Dongria Kondhs in Odisha Win against Vedanta as Supreme Court Bans Mining in Niyamgiri

Reported by

Ankur Paliwal

Legal Data by

Edited by

Updated by

Published on

October 22, 2016

October 22, 2016

Updated on

October 22, 2016

Location of Conflict

Niyamgiri, Kalahandi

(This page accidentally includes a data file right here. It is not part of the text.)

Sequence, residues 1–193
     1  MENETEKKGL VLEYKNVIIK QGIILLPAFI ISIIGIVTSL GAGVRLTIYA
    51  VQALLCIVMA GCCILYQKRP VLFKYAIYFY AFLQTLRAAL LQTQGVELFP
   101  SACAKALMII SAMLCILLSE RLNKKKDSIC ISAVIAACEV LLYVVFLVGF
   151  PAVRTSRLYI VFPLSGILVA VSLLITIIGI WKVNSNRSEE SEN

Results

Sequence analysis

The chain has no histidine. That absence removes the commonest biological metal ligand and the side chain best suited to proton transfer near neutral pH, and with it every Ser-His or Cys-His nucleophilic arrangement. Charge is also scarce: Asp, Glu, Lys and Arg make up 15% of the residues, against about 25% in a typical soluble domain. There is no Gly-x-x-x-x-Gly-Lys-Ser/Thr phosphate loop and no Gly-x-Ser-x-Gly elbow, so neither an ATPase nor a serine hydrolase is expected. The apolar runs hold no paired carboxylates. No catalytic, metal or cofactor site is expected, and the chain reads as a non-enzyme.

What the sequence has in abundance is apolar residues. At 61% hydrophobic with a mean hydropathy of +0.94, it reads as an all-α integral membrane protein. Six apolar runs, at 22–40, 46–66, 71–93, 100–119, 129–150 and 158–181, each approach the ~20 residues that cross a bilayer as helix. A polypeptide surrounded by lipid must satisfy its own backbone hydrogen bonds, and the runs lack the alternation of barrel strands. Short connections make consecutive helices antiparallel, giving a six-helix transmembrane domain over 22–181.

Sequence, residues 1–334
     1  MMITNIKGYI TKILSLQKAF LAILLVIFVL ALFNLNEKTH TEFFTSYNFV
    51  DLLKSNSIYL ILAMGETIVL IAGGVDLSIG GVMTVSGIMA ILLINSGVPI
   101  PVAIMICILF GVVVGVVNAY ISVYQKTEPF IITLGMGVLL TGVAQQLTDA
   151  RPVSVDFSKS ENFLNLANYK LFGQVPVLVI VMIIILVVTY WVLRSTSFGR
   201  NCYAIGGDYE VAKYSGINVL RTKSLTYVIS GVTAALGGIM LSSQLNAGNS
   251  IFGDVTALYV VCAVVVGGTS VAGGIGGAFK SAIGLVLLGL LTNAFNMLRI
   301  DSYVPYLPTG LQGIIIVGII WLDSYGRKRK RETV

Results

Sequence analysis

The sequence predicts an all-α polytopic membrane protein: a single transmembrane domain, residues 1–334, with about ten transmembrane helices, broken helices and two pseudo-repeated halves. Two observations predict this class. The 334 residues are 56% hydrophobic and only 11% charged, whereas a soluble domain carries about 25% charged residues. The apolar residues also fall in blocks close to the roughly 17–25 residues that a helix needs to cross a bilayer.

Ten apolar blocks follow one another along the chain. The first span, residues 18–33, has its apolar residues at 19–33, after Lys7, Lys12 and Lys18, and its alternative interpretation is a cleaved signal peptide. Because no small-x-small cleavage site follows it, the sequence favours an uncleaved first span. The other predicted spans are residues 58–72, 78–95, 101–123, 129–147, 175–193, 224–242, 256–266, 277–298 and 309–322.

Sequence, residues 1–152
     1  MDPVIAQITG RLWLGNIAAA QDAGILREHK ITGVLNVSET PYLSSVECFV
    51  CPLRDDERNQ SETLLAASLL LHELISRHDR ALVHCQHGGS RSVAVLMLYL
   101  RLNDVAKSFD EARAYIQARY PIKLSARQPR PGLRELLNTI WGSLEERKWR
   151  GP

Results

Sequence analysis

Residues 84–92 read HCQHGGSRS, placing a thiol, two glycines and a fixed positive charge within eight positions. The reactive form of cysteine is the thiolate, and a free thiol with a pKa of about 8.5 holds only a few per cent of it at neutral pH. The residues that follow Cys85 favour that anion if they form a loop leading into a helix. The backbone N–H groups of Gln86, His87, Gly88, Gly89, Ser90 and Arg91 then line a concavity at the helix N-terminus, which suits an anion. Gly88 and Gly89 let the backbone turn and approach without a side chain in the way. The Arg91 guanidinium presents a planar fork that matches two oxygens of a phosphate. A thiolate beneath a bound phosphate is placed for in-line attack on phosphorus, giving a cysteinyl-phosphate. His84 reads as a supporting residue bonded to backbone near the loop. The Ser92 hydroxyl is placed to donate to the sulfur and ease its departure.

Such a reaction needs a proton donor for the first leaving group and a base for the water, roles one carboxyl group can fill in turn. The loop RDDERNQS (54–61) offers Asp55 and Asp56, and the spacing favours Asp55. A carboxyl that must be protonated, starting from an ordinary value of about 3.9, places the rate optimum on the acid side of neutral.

Rayagada

Reason or Cause of Conflict

Bauxite Mining

(

)

People Affected by Conflict

8000

Households Affected by Conflict

Land Area Affected (in Hectares)

731

ha

Starting Year

2003

State

Odisha

Sector

Mining